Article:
The Iowa Board of Education is concerned about the incoming Davenport superintendent’s licensure snags. At Thursday’s meeting, board members questioned how the delays and change in leadership might affect the district’s progress.
Robert Kobylski was supposed to start June 1, per his contract, but after a waiver attached to his Wisconsin license was denied, he had to find another option. Now, he is working on transferring his Illinois licensure -- without any conditions, waivers or temporary measures -- and is completing coursework to address any “anticipated gaps,” which pushed his start date to July 1, at the earliest.
“Our recommendation to achieve some stability in the position of superintendent and then put all the other supports in place is to address the structure issue,” said Amy Williamson, chief of the Bureau of School Improvement. “...We do believe the lack of stability in leadership has contributed to the issues.”
Former Superintendent Art Tate resigned, effective Nov. 1, two weeks before the state ordered a Phase II visit. TJ Schneckloth filled in as the interim superintendent, and Williamson and the board praised his “terrific” work in the months since.
“An interim superintendent can’t necessarily be empowered to implement a good vision, however,” Williamson added. “So if he -- or another superintendent -- were empowered to implement a different structure going into next year, that might be a different story.”
“You have a lot of confidence in what you’re saying about moving forward,” Director Josh Byrnes said to Schneckloth. “I don’t know if you interviewed for the job or not, but boy, I tell you what, that energy and enthusiasm you just showed, that’s what we need. I’m excited to see where this goes.”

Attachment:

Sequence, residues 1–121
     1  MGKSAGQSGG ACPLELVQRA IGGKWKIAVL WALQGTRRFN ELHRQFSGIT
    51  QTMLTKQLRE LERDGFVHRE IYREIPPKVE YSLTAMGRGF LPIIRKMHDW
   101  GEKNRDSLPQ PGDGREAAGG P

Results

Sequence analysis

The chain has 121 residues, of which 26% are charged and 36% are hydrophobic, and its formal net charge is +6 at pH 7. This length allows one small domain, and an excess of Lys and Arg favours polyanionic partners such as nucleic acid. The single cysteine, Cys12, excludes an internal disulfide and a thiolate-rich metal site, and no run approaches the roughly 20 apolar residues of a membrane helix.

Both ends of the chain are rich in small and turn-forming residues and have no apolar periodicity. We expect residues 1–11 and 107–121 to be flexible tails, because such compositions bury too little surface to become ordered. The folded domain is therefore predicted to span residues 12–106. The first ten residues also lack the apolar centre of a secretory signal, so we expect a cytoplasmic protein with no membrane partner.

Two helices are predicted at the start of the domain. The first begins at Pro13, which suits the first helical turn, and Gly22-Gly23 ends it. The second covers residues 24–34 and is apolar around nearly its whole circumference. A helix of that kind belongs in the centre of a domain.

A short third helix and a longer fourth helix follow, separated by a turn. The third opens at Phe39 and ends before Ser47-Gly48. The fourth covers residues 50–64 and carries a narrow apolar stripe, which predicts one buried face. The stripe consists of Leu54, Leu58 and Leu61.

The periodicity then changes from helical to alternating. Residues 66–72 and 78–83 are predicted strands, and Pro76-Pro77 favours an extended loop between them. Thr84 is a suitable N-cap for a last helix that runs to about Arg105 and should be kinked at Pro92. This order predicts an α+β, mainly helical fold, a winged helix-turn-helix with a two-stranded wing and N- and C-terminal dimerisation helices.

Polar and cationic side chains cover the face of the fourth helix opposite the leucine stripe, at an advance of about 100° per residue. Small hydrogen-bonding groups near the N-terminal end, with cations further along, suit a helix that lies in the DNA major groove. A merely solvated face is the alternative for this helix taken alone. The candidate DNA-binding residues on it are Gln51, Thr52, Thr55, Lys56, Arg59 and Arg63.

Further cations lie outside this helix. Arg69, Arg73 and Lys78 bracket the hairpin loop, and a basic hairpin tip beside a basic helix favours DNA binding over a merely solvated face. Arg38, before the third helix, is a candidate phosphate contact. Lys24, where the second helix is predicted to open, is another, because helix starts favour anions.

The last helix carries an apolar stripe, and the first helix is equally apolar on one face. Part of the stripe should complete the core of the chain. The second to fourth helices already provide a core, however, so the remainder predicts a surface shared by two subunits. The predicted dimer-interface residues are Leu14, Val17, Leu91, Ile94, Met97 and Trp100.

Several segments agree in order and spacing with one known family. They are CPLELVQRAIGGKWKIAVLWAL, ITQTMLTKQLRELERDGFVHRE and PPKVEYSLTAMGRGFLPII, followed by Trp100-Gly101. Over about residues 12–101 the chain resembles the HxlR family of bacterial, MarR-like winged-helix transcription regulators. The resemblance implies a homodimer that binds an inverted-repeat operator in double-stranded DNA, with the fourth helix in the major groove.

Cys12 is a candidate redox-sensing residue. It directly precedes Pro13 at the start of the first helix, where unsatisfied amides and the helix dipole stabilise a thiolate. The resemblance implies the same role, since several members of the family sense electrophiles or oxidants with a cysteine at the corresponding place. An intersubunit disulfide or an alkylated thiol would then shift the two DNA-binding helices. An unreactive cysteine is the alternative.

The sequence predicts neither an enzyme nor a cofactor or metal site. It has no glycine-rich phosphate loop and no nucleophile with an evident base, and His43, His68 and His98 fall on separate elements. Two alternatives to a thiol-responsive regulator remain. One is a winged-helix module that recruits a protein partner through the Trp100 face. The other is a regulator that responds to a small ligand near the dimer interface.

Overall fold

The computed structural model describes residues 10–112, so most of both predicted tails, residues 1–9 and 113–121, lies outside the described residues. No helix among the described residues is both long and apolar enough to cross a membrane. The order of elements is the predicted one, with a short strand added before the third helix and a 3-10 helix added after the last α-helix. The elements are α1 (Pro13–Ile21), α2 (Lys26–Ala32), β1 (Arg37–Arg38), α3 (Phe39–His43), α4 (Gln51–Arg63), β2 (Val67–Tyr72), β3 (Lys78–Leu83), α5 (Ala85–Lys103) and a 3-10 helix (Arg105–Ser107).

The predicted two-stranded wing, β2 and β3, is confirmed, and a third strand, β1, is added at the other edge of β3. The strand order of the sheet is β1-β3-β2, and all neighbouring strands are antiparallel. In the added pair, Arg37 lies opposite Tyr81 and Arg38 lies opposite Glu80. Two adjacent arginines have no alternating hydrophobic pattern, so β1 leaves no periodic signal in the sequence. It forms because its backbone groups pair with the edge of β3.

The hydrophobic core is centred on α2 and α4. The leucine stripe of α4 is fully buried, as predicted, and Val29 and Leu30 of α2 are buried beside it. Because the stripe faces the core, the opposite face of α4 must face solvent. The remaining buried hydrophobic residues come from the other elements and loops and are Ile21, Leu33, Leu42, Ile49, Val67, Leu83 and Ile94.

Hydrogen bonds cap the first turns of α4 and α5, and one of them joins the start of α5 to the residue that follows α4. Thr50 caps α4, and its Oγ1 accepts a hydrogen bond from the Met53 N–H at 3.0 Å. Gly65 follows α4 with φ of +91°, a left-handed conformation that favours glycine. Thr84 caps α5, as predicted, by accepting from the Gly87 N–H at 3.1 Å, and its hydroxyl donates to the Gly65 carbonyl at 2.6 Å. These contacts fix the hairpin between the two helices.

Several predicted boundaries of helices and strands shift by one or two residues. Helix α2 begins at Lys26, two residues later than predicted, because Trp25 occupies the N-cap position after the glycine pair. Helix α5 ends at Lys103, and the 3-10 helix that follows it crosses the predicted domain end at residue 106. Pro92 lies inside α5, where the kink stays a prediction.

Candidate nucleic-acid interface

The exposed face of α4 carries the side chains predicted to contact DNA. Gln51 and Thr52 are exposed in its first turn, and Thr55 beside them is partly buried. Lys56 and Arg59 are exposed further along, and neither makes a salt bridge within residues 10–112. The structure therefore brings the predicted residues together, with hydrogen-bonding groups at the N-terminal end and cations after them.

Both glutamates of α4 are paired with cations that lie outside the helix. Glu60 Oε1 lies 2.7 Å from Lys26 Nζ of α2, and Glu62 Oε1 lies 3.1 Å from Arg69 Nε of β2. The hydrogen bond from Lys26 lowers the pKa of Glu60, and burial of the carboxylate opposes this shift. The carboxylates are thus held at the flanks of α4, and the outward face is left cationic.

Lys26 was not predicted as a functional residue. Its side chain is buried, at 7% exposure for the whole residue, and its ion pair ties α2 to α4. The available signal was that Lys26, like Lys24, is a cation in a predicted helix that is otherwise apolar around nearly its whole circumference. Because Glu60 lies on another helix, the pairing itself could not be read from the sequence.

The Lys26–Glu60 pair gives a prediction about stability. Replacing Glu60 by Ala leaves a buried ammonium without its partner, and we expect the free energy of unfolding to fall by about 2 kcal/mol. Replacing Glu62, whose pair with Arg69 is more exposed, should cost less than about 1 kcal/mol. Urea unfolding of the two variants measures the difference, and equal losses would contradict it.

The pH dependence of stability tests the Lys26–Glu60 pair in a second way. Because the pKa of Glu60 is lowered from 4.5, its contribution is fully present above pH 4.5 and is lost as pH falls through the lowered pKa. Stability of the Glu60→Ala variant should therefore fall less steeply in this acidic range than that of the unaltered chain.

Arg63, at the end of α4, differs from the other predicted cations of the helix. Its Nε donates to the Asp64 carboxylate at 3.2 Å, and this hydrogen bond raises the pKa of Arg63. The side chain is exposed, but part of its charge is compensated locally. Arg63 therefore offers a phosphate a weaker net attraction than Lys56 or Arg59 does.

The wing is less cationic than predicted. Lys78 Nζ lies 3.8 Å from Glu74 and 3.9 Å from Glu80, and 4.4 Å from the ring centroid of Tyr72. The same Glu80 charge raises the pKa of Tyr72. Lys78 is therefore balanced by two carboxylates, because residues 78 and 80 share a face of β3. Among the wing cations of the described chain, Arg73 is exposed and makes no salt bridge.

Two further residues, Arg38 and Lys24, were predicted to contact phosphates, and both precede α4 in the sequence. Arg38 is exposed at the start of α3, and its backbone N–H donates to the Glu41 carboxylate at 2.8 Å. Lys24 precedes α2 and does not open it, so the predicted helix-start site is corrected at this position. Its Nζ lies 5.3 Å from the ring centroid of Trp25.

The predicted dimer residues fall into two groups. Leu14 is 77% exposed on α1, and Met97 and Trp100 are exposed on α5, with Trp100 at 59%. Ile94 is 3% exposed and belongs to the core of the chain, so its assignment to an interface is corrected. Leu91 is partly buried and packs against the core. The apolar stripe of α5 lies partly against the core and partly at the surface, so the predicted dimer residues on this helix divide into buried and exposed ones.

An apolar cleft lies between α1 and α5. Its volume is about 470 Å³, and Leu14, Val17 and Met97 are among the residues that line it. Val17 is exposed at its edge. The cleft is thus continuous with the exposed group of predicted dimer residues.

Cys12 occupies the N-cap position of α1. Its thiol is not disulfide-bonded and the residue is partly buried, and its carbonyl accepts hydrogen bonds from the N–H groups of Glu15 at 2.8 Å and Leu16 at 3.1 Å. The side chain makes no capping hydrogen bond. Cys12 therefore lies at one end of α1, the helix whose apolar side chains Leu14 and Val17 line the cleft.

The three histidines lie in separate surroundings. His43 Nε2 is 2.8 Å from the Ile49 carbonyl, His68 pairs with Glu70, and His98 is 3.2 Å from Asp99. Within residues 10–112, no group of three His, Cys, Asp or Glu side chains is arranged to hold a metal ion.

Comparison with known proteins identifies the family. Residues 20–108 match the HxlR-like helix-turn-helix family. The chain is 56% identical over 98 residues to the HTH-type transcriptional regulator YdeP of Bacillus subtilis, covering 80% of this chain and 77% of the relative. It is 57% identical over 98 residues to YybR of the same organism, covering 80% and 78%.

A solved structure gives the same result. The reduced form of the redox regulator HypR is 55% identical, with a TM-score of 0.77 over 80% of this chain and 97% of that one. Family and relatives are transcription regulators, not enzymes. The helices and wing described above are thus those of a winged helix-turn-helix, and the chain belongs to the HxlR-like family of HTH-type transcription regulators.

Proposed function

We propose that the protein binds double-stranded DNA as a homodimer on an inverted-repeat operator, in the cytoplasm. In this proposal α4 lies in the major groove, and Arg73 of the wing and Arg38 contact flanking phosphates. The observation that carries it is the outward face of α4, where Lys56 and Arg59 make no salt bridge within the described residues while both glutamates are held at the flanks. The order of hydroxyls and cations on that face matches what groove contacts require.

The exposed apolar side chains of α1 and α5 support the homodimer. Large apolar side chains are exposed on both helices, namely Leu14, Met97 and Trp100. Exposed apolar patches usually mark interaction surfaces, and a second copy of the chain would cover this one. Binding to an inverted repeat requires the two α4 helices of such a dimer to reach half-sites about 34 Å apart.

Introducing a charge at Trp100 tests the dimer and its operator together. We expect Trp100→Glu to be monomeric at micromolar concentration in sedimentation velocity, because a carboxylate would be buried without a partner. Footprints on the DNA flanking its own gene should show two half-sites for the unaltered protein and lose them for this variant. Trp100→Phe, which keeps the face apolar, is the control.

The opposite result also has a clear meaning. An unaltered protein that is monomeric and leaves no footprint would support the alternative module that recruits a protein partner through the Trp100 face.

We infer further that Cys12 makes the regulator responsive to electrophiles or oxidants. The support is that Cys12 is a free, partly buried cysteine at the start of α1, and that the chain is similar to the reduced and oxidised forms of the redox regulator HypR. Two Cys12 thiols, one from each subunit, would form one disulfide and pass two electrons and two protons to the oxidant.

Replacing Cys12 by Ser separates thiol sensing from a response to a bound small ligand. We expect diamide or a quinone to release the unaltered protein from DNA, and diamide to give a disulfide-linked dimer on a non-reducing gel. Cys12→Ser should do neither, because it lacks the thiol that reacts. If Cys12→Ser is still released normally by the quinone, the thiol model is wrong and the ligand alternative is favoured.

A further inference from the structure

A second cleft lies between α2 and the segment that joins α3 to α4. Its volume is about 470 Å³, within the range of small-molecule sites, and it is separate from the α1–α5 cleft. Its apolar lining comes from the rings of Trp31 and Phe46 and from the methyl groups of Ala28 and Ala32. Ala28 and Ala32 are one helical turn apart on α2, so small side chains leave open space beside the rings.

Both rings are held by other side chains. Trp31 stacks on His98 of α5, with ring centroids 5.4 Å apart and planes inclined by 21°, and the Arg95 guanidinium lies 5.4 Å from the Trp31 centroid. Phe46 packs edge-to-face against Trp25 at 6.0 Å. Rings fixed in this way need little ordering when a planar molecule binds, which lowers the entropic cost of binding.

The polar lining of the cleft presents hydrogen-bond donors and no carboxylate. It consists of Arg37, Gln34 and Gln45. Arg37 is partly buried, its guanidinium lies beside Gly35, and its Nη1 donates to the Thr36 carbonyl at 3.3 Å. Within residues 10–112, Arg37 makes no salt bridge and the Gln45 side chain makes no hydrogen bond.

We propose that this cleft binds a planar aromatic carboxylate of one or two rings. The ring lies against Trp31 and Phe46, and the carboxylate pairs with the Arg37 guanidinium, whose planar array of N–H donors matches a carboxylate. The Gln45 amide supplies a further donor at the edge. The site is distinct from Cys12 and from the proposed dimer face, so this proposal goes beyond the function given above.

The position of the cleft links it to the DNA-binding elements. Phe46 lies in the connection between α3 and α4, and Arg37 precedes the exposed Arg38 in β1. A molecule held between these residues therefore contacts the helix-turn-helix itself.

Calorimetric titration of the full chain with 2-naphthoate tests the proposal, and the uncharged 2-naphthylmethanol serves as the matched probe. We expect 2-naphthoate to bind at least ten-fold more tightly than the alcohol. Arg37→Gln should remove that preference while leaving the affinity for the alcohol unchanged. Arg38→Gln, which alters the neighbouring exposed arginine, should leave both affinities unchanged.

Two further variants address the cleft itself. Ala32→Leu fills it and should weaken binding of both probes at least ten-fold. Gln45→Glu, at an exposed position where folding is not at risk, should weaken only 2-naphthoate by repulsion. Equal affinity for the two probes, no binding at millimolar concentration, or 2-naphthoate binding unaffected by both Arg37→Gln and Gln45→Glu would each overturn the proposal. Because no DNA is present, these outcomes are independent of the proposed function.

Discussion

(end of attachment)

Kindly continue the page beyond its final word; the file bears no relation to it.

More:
Davenport Director Julie DeSalvo said Schneckloth agreed to fill in until they could find a replacement -- even if that replacement isn’t Kobylski.
“A number of different things could happen, and you just don’t know,” she said, adding the board discussed options if the state continues to deny Kobylski his licensure. “If he doesn’t get his licensure, there’s a number of things we could do, but I’m positive he will.”
You have free articles remaining.
One of the options is “starting at the drawing board.”
Kobylski was one of three finalists announced for the position. One, Eric Knost, was announced as the new superintendent for Lewis Central Community Schools in Council Bluffs, Iowa one day before Davenport announced their selection. The other was Bill Schneden, current associate superintendent for Davenport; Schneckloth said Thursday he was one of the reasons “why things are moving forward.”
“Regardless of who’s coming, there’s a big pile of rocks in front of us, and we’re not setting shovels down,” Schneckloth said.
“Does [Kobylski] understand the severity of what he’s coming into? That’s what I’m nervous about, too,” Byrnes said. “We’ve all been through this, and lived through it -- he hasn’t. Does he know? Is this going to keep moving forward, with all the good energy we’ve got.”
“I don’t think I could give a perspective of what we’re going into right now,” Schneckloth said in reply. “Do I believe that he is watching and listening? He was going to try to be here today. I think he’ll have to grasp that very quickly.”
Kobylski could not immediately be reached for comment.
The Board of Educational Examiners told Kobylski it should take four to six weeks to process his new documents. Executive Director Ann Lebo said the Board does not comment publicly on individual license applications.
“We know what we would do. There are things we could do,” DeSalvo said. “… We just have to be prepared.”